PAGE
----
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Moves To Close ‘Bank Holiday Loophole’

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Employers who force workers to count bank holidays as part of their 20 days’ statutory paid leave could find their hands tied if government plans to close the loophole get the go-ahead.

The DTI has launched a consultation on whether to increase the statutory 20 days’ paid leave to 28 days. Although employers would not be forced to give staff time off on bank holidays, they would have to grant leave on alternative dates.

As the extra eight days do not fall under the European Working Time Directive, it would be possible for employees to carry over holiday to the following year or to receive a cash payment. The DTI is currently carrying out an assessment to determine the cost of the proposals to industry.

Publishing the consultation Employment Relations Minister Jim Fitzpatrick said: “The Government intends to honour its commitment and make sure that workers have the right to take paid bank holiday leave and not have to use them as part of their twenty day holiday entitlement.

“Paid holiday leave is essential to allow people work-life balance and a way to take time out for themselves. Many good businesses already offer more paid holiday than the statutory four weeks, recognising that it can help keep staff motivated and loyal to the company.

“I hope that businesses, unions and individuals will take part in this consultation and give us their views so that we can work together to introduce this new right without placing unnecessary burdens on business.”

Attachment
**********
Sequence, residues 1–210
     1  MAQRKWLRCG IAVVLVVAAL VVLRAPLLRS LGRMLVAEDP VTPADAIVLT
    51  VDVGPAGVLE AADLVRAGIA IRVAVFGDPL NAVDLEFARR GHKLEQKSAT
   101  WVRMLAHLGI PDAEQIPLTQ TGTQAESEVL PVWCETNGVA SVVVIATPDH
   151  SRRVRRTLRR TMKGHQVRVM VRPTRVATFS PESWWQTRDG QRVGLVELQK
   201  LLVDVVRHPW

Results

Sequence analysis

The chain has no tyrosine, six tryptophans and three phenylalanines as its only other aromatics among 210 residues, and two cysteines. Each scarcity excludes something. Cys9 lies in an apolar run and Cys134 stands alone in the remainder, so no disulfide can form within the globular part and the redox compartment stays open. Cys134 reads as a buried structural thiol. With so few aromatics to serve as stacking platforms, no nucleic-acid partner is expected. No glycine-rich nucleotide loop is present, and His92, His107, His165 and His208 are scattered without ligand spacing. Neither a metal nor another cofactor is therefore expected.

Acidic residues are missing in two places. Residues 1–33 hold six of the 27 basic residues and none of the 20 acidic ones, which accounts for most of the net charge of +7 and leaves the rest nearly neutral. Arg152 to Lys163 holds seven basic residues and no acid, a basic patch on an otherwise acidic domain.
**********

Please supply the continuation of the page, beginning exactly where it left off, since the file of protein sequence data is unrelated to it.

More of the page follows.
TUC general secretary Brendan Barber said: “The TUC looks forward to responding in detail to the consultation to ensure that all UK workers, especially the low-paid, get the chance as soon as possible to spend a decent amount of time away from work and with their families and friends.”

The Government proposes to phase in the additional leave starting with an increase from 20 to 24 days (pro rata for part time workers) from October 1, 2007. In addition views are being sought on whether the rest of the leave should be introduced:

  • In one stage, from October 2008
  • I n one stage, from October 2009
  • I n two phases, increasing to 26 days in October 2008 and 28 days from October 2009.

CBI’s deputy director-general John Cridland said: “Companies want their staff to enjoy adequate paid holiday, but the job still needs to get done. This move will impose a substantial cost on some businesses, so it is important that the increase is phased in over time so that employers are able to adapt to the change.”

He added: “It is right that a proper impact assessment is carried out. The cost to business when statutory holiday entitlement was increased from three to four weeks in 1999 was £2.3 billion.

“The eight extra days should be phased in gradually, starting no earlier than 2007, so that businesses can absorb the extra cost.”

The consultation, which closes on September 22, can be found at: Government consultations

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